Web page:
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Judges who ruled against AG Ken Paxton lost to candidates he supported

Texas state Attorney General Ken Paxton, center, makes a statement at his office in Austin, Texas, Friday, May 26, 2023, ahead of his impeachment in the Texas House of Representatives.
Eric Gay
Texas state Attorney General Ken Paxton, center, makes a statement at his office in Austin on May 26, 2023, ahead of his impeachment in the Texas House of Representatives.

Three judges on the Texas Court of Criminal Appeals were ousted by candidates endorsed by Attorney General Ken Paxton, who targeted the court after it ruled against him in a 2021 case.

Former Dallas appeals court justice David Schenck, Waco attorney Gina Parker and Richardson attorney Lee Finley were projected to defeat incumbents for the Presiding Judge, Place 7 and Place 8 seats on the state's highest criminal court, according to the Associated Press.

This year’s primary presented the first opportunity for Paxton to attempt to oust some of the eight judges who ruled in 2021 the attorney general cannot unilaterally prosecute election law violation cases without district attorney permission.

Paxton has decried the ruling for years, arguing the court stripped him of his right to prosecute what he says is rampant voter fraud in the state.

Schenck, now an attorney with Dykema Gossett, ran against Presiding Judge Sharon Keller. Schenck was ahead of Keller with about 63% of votes, according to unofficial results from the Texas Secretary of State’s website early Wednesday morning.

Parker challenged Place 7 Judge Barbara Hervey. Parker was ahead of Hervey with about 66% of votes early Wednesday.

In a statement to KERA overnight, Parker thanked Hervey for her more than two decades years of service on the court.

"Republicans clearly want a new chapter begun on this Court," Parker said. "That was demonstrated tonight in the historic change that has occurred. While I take nothing for granted this fall, if elected, I look forward to working under the experienced leadership of our new Presiding Judge, David Schenck. We will roll up our sleeves and work to set higher and better standards for this Court beginning in January."

In the race for Place 8, Finley led with about 53% of votes over incumbent Judge Michelle Slaughter Wednesday morning.

While Schenck declined to comment on the merits of the Texas v. Stephens case in a KERA News interview, he said the attention Paxton has generated around the race helps bring awareness to Schenck’s other problems with the court, like how slowly he says the court issues its opinions.

“I just think the big picture is it's healthy in a system where we have elections for judges for people to be able to say what they think about what the judges are doing and what their work product — whether it's correct or incorrect, and that's fine,” Schenck said.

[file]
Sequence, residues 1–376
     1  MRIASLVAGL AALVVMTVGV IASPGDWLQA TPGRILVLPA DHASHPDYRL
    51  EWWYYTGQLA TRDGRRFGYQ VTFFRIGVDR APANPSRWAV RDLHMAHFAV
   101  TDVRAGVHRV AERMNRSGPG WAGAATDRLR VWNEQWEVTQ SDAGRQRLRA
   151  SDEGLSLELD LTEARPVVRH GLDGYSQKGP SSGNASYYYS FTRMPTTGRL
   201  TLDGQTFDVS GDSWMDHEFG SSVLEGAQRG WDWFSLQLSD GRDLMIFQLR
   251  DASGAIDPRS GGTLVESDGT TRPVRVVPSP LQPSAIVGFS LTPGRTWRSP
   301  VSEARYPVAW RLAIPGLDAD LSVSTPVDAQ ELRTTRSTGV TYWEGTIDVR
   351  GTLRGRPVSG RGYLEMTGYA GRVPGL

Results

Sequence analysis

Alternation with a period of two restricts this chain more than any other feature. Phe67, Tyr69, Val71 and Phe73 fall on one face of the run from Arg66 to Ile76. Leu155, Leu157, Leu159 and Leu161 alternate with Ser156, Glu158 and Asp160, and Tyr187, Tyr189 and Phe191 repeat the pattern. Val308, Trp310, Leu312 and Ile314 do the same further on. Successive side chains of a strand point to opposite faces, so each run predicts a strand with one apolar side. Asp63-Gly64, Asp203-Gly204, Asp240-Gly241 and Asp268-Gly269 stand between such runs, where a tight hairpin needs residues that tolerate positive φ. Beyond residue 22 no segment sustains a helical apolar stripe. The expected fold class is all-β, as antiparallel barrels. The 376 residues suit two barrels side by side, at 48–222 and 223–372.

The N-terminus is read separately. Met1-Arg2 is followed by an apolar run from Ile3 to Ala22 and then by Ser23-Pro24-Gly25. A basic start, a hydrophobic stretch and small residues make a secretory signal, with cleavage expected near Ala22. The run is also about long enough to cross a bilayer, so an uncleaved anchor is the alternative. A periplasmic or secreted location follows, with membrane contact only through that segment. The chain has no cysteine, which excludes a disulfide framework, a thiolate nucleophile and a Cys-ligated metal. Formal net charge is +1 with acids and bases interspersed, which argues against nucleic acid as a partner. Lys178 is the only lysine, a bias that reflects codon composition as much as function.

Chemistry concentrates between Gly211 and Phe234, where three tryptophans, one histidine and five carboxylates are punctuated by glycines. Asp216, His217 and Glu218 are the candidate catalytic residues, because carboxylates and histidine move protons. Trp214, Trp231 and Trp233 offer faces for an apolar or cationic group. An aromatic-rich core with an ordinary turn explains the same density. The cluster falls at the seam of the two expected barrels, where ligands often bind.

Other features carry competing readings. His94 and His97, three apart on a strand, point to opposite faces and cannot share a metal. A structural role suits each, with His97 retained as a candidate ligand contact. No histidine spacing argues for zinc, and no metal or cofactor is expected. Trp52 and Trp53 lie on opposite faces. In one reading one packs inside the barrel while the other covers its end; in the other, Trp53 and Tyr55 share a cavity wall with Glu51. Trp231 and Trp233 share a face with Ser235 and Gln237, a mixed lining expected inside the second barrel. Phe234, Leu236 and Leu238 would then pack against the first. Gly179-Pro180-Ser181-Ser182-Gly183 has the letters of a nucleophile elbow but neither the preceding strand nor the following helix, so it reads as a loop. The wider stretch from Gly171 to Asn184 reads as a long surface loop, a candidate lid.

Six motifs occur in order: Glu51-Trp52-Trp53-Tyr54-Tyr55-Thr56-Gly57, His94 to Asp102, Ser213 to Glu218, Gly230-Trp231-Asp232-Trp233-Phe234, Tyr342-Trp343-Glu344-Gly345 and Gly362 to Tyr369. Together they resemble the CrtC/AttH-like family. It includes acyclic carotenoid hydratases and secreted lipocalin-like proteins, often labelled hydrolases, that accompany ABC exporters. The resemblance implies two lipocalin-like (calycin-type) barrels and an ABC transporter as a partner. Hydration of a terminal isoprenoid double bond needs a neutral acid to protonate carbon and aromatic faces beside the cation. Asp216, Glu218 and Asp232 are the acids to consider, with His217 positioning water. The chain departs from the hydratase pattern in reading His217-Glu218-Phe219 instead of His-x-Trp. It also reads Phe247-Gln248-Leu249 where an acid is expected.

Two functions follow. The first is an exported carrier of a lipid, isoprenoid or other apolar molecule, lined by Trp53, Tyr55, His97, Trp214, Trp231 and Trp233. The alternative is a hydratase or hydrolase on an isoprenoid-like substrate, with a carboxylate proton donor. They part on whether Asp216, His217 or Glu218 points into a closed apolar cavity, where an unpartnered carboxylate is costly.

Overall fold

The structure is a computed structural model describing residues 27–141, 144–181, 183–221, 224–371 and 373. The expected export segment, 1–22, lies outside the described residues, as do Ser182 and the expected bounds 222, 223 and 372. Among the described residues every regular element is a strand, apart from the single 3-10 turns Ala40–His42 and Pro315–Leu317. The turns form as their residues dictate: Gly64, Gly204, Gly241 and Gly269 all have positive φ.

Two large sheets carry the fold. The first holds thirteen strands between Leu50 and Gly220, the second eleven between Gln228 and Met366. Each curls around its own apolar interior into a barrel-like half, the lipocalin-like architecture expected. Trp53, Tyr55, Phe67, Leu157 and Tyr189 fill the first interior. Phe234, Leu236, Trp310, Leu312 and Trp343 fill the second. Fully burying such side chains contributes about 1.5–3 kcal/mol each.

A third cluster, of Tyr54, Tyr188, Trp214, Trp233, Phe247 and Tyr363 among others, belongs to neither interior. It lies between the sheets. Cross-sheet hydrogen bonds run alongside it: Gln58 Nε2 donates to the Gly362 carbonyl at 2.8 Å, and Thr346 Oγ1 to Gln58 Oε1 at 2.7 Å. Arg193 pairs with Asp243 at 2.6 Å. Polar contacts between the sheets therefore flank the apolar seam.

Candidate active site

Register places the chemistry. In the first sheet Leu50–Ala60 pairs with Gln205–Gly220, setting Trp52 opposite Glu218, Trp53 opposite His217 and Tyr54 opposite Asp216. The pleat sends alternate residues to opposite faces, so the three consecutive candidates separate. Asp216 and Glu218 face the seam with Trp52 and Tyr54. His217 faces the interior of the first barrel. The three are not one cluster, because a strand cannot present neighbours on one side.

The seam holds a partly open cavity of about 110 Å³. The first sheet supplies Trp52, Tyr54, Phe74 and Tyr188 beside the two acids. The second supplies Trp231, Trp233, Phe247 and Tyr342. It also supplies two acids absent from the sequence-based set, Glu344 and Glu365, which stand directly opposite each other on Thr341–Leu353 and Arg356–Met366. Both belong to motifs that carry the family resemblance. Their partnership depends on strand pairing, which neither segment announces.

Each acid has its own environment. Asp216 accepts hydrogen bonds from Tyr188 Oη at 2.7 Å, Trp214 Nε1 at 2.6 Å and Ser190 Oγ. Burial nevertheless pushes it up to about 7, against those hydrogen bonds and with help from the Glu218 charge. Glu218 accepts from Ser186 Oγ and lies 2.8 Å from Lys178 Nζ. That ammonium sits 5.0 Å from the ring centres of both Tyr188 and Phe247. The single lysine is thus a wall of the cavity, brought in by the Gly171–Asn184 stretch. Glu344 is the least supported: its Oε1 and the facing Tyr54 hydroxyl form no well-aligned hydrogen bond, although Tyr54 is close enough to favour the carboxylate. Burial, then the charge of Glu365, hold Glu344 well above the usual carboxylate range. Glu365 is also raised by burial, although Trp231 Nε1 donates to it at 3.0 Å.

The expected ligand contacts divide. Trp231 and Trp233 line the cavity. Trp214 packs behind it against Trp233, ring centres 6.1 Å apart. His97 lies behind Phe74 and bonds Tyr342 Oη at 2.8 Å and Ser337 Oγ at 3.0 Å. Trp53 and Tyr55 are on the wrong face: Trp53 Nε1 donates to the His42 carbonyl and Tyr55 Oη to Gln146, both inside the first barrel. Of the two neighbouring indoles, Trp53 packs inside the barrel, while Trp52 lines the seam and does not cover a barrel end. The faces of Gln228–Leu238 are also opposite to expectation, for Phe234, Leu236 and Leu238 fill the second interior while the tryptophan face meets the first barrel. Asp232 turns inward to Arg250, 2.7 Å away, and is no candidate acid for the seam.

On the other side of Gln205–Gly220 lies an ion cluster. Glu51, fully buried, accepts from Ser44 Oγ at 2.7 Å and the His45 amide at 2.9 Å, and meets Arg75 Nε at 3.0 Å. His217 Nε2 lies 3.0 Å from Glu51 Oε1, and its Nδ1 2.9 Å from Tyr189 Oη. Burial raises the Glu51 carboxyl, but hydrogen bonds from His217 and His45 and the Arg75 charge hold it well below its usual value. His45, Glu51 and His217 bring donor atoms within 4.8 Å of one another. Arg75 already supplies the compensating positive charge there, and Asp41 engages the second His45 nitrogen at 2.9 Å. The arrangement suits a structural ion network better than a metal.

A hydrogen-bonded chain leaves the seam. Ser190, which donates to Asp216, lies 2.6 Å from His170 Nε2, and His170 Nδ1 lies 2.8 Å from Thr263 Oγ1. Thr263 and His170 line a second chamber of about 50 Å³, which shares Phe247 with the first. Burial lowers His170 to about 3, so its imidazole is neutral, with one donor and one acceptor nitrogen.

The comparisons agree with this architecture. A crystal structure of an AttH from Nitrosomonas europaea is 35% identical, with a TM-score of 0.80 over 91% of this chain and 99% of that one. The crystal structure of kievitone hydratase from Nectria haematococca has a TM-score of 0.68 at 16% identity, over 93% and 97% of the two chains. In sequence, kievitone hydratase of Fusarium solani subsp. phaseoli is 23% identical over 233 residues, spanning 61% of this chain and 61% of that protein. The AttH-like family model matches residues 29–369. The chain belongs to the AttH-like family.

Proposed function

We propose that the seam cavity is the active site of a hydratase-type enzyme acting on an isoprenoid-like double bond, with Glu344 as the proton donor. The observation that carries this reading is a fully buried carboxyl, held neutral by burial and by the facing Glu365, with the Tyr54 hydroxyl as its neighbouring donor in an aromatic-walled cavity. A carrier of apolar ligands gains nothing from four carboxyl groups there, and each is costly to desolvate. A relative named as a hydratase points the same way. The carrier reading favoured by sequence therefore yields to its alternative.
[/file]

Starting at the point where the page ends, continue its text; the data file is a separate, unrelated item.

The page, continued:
Keller, who has been in office since 1994, told KERA News she wasn’t as confident in her chances of reelection leading up to the primary because of misinformation around the Stephens ruling.

“If our challengers win, that will encourage more people to try to affect or have an influence on our opinions and to challenge judges on the basis of one opinion they don't like,” she said. “So, I think it's an important election, not just for our court and how it proceeds, but for the judiciary in general.”

The incumbent judges did not respond to KERA News requests for comment Tuesday night.

Texans for Responsible Judges, a PAC with ties to the attorney general, endorsed all three challengers, while Texans for Lawsuit Reform and other PACs backed the incumbents.

The Court of Criminal Appeals races are not the only case of Paxton or his supporters retaliating against what he sees as his political opponents — the attorney general backed the primary challenger in races against House members who voted for his impeachment last year.

The races have put a spotlight on the role of partisan politics in normally quiet races. Brandon Rottinghaus, a political science professor at the University of Houston, said judges’ low political profiles can make it easier to pit candidates against them — especially in a field where appearing impartial is key.

“By their nature, the people who sit on these benches are unable to say and do certain things politically because there’s a code of ethics that prohibits them from doing that,” he said. “So, in effect, they can’t be as strong in their own defense as a candidate who is running for a state House seat.”

Got a tip? Email Toluwani Osibamowo at You can follow Toluwani on X @tosibamowo.

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Toluwani Osibamowo
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